- Uber Eats provides both order and delivery services. Users make an order in the app, pay for it, and it’s delivered by Uber’s couriers.
- Glovo is similar to Uber Eats. But, you choose the food from the store as well, and the couriers will deliver it.
The greatest way to overcome competitors is to provide a top-quality service or product. Pay close attention to customer service. Want your clients to connect with you, fall in love with service/product, and be willing to stay with you? Then customize their experience.
Your business plan is already a source of income. If you launch a social network, you’ll get paid for ads. If you build a marketplace app, you will get fees from sellers.
Most business startup models insert several income sources. For example, Amazon’s business model includes different revenue streams.
Amazon is a mix of eCommerce websites and marketplace. The company offers its own products to customers and allows sellers to sell their goods too.
Amazon price policy:
- It takes $40.99 + 15% per money transaction from experienced sellers (those who sells more than 40 items in a month)
- $0.99 + referral commissions and changeable closing commissions from individual vendors (those who sells up to 40 items monthly)
I’ve prepared a picture showing an Amazon source of income by segments to make it clear for you.
In order to determine what types of revenue stream will work for you best, you can examine competitors’ pricing policies.
Examples of Profitable Business Models for Your Startups
There are a vast amount of time-tested business models to use for a great start. I will focus on the five popular business models that will work best with software startups.
The freemium model implies that users get basic features for free. In case they want to get access to additional services, they need to pay a certain fee.
It’s worth mentioning that the freemium model differs from the subscription one. For instance, YouTube or Spotify is free of charge. You don’t need to pay for watching videos or listening to podcasts if you’re okay with advertising. But if you forget to pay a subscription on Netflix, you won’t be able to watch the series there.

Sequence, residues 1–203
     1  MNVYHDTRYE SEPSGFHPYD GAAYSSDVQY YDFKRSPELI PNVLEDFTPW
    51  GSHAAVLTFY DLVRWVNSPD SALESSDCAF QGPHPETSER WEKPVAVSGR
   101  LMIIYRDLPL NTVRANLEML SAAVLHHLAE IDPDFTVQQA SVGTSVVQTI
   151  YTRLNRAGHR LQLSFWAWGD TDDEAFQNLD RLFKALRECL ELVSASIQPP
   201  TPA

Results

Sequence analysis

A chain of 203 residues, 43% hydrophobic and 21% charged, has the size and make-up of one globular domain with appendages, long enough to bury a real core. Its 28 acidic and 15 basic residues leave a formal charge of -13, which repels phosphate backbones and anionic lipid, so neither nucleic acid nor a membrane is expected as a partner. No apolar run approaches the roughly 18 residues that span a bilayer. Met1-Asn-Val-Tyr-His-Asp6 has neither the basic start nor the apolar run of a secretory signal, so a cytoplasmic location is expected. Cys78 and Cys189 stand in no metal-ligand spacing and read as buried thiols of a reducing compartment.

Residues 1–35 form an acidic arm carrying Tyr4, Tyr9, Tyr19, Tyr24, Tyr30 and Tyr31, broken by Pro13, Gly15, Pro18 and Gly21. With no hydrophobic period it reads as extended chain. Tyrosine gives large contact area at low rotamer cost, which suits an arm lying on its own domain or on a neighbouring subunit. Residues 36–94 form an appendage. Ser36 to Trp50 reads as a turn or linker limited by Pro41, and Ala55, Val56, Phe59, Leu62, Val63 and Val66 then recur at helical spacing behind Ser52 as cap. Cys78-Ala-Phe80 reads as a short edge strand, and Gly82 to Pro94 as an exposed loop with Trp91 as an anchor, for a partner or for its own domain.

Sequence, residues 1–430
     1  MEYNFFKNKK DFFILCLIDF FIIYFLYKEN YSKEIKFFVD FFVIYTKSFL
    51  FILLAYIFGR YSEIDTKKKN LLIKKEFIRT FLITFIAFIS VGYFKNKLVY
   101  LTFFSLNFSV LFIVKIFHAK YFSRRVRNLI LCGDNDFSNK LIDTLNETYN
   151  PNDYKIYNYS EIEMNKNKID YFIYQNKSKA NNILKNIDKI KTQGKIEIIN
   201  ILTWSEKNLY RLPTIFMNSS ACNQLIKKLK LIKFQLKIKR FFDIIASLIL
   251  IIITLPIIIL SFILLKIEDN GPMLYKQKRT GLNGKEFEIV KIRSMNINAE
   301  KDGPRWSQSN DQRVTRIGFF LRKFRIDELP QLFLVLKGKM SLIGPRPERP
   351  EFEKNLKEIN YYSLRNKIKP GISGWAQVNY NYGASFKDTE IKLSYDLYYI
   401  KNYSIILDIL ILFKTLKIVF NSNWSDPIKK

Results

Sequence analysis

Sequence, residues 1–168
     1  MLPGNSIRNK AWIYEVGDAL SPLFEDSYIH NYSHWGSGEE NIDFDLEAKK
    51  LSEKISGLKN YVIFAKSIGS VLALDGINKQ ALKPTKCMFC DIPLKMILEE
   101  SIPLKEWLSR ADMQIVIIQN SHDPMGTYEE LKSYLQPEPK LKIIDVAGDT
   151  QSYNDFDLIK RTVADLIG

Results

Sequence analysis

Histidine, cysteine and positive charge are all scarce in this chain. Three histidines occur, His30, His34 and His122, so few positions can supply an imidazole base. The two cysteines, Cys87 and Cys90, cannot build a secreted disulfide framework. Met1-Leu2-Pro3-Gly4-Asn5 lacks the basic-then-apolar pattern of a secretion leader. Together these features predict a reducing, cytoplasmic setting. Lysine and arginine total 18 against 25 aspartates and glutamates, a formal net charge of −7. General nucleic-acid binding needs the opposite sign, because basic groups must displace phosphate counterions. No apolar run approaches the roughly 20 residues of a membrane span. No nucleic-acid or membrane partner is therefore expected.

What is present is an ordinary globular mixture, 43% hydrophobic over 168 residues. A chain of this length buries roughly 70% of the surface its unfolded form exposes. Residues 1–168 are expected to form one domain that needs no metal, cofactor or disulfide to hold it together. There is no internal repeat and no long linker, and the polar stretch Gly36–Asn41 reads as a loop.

The subscription model is a good choice if you sell software products and want your users to have several options. Instead of offering a one-time deal, you can attach your customers to your product/service by providing monthly subscriptions. For example, Netflix, Adobe, Amazon Prime, New York Times already use this approach.
Using this model, you know exactly how much money you get in advance. Moreover, you can monitor the number of subscriptions and users’ tariff plans.
However, to generate good revenue every month or year, you need to have an impressive client base.
According to this model, you don’t produce anything. You get paid for the promotion of business partners’ products or services to your potential customers.
That’s how eBay and Amazon run their businesses. Platforms cooperate with partners to promote and sell their services/products. The sellers’ income consists of the differences in the price they sell products for and the price they buy the goods for.
An advertising-based model means that you provide advertising space for sellers and get paid for it. But in this case, you need to invest a lot of time and energy in creating engaging content. The more loyal users you get, the higher your revenue will be.
Sharing Economy Model
Today we hear about on-demand services like Uber or Airbnb.
This model implies that you get access to the assets without being an owner. That’s the way Airbnb works. The landlords offer rooms for people, and the platform matches these people. The platform does not own rooms. It serves as a mediator and charges fees from users.
Each of the business models I’ve described above has both ins and outs. If you’re a startup, there is a sense to start with a simple business model or combine a few. Still, the final choice will depend on your personal preferences and requirements.